I have a Synology 418+ that I use for ISCSI, NFS, SMB sharing primary along as a Backup device. I also leverage some of the Apps within DSM one of which being DNS Server. It’s pretty basic from a setup perspective using the GUI. Awhile back I created two master domains with forward/reverse lookups. One called “local” and the other “localdomain”, I know what you thinking…why? Good question and it was due to default domains names that I never went back and changed. Now I have decided to change what I have so I can leverage what was already built. The following domains had the configuration as:
- local (10.0.1.0) = general computers i.e. desktop, laptop, etc.
- localdomain (10.20.20.0) = lab servers
I decided to do what I should have done long ago and change the domains to something more relevant. I didn’t want to recreate what I had but there is no way I know of to just rename them. So what I did was to export the ones I want to change, edit them and reimport back. Once I know this worked then I would delete the old ones I didn’t want any longer.
Export existing DNS zones
- Login to Synology DSM
- Open DNS Server
- Click on the zone you want to export. For reverse lookup you can edit these int he GUI so you don’t need to export unless you want to in case you have allot.
- Click the above tab “Export Zone”
- This will create a ZIP file called “zonefile”
Edit exported zone
- Go to the directory where you downloaded the ZIP files.
- Using you favorite editor edit the following files and change the old domain to new. In my example I am changing “local” to “home”
$ ls -l total 5720 -rw-r-----@ 1 andy staff 1945 Dec 25 09:31 zonefile.zip $ ls zone.conf zonefile/local $ vi zone.conf # In vi use the example: ":g/local/s//home/g" to make a global change. $ORIGIN local. $TTL 86400 local. IN SOA ns.local. mail.local. ( 21 43200 180 1209600 10800 ) vsphere.local. 86400 A 10.20.20.175 esxivm2.local. 86400 A 10.20.20.177 esxivm1.local. 86400 A 10.20.20.176 centos.local. 86400 A 10.20.20.165 vcenter.local. 86400 A 10.0.1.175 local. NS ns.local. ns.local. A 10.0.1.1 :g/local/s//home/g # This will change it to: $ORIGIN home. $TTL 86400 home. IN SOA ns.home. mail.home. ( 21 43200 180 1209600 10800 ) vsphere.home. 86400 A 10.20.20.175 esxivm2.home. 86400 A 10.20.20.177 esxivm1.home. 86400 A 10.20.20.176 centos.home. 86400 A 10.20.20.165 vcenter.home. 86400 A 10.0.1.175 home. NS ns.home. ns.home. A 10.0.1.1 # Save it and edit the "1.0.10.in-addr.arpa" reverse lookup file in the same way if this was exported. $ vi 1.0.10.in-addr.arpa ... :g/local/s//home/g # Save it and edit the "zone.conf" file in the same way. $ vi zone.conf ... :g/local/s//home/g # Now we need to create a ZIP package $ zip home.zip zone.conf zonefile $ ls -l home.zip -rw-r----- 1 andy staff 1053 Dec 24 12:37 home.zip # Thats all the files , now we will import them back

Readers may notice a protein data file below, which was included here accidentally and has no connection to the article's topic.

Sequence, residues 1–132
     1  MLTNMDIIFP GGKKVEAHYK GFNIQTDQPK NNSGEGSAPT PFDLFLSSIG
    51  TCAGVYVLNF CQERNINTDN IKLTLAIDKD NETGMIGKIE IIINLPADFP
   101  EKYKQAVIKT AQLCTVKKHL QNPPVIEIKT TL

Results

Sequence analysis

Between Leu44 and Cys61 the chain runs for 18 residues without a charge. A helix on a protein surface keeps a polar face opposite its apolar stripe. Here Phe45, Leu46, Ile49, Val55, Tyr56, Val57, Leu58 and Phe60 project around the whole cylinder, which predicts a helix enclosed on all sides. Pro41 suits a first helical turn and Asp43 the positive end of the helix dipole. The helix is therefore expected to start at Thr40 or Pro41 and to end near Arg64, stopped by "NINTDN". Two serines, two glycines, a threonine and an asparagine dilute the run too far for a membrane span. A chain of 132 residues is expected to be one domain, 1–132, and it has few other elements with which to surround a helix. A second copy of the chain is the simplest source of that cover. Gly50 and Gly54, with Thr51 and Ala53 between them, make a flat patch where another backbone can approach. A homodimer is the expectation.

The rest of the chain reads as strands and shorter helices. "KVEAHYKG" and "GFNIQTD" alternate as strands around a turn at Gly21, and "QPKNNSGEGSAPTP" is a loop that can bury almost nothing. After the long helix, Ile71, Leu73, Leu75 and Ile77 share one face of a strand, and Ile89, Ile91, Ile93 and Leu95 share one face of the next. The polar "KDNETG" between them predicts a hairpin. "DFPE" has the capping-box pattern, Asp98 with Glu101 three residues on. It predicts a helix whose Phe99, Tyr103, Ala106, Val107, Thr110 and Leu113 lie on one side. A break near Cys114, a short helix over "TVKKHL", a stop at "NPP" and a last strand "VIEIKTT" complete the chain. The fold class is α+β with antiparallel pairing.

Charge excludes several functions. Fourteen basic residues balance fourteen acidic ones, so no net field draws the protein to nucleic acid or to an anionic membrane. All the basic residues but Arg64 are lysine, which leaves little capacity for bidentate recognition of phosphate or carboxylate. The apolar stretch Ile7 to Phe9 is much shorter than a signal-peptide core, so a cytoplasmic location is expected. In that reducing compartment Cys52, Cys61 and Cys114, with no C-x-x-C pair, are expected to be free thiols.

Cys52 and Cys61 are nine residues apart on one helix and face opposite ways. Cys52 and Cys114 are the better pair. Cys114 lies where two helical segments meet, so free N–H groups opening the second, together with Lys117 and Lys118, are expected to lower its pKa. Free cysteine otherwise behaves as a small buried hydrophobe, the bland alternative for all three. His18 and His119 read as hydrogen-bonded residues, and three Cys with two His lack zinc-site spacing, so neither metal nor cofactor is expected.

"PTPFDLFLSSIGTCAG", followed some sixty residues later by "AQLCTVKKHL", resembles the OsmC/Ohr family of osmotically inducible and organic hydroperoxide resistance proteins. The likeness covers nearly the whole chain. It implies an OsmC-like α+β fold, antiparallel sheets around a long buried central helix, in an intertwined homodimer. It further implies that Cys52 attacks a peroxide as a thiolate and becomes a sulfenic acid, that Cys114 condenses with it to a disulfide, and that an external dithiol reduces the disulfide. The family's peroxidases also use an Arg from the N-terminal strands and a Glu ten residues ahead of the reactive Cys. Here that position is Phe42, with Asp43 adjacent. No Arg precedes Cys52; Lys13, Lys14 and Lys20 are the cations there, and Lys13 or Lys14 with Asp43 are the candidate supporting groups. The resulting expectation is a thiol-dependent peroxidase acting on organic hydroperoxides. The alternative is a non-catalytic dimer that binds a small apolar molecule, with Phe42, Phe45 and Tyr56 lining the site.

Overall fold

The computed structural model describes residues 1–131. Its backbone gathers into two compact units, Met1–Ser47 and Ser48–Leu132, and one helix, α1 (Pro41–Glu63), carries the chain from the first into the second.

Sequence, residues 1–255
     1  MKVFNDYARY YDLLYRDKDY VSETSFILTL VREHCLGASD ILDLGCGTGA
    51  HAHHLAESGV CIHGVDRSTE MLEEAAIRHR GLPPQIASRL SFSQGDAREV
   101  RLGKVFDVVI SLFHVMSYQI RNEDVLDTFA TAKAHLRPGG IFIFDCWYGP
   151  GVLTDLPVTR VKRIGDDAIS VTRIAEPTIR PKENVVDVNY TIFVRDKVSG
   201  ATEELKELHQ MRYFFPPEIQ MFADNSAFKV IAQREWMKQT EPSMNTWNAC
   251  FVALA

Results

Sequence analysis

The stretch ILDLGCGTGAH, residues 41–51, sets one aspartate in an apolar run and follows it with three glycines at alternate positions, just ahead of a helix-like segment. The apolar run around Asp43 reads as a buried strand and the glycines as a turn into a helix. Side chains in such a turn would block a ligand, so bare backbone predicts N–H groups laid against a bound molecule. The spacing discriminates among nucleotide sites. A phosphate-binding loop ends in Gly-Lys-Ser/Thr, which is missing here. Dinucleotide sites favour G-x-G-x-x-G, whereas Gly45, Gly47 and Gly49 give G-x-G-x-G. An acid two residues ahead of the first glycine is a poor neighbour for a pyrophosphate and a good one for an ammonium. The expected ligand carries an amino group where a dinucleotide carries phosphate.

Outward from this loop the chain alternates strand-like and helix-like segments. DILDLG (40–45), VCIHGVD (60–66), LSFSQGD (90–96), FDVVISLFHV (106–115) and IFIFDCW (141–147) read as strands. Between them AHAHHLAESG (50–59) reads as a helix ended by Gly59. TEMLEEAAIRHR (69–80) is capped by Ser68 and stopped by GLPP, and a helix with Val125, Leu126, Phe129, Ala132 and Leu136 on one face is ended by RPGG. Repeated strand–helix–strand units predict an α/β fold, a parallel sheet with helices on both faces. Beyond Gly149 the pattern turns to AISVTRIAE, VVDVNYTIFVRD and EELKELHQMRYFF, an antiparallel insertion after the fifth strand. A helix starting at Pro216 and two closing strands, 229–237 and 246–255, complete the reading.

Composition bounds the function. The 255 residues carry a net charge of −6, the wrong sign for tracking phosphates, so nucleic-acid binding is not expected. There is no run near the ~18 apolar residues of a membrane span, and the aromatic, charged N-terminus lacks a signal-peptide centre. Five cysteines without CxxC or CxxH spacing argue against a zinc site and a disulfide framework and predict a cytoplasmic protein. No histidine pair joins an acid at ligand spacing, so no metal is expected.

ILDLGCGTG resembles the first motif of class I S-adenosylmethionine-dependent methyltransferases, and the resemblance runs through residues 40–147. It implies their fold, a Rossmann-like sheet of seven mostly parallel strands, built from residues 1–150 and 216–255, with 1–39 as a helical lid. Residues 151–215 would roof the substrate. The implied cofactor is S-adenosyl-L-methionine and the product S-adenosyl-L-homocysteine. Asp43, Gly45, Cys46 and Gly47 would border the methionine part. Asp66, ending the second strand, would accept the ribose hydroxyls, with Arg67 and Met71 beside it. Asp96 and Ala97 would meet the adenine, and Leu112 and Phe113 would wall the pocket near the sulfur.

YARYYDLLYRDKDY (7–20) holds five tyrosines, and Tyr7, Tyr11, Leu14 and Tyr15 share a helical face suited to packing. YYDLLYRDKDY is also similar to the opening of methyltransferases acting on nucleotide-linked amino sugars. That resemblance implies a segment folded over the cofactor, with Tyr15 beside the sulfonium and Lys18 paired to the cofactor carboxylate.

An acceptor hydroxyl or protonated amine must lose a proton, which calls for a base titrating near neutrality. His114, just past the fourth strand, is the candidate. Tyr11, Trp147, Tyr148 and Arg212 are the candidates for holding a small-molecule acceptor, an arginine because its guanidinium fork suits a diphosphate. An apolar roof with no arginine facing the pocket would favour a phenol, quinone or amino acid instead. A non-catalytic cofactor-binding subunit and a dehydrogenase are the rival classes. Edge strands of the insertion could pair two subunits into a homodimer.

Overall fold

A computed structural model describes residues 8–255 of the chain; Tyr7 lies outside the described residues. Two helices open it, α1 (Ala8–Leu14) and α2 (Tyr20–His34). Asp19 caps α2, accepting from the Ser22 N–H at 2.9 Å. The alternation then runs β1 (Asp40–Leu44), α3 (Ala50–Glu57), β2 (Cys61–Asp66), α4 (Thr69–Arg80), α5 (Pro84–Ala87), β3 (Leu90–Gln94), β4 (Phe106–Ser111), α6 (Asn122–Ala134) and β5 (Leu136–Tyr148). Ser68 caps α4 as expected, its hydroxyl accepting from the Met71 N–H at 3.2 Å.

Importing modified zones
- Go back to your browser for Synology DSM
- Go to you DNS Server App
- Click on Create -> Import Zone
- Since we exported the entire zone we are going to import it as such: “Complete zone settings” and “Browse” for file to import.
- If everything was correct you will get something similar to:
Thats it, easy peasey!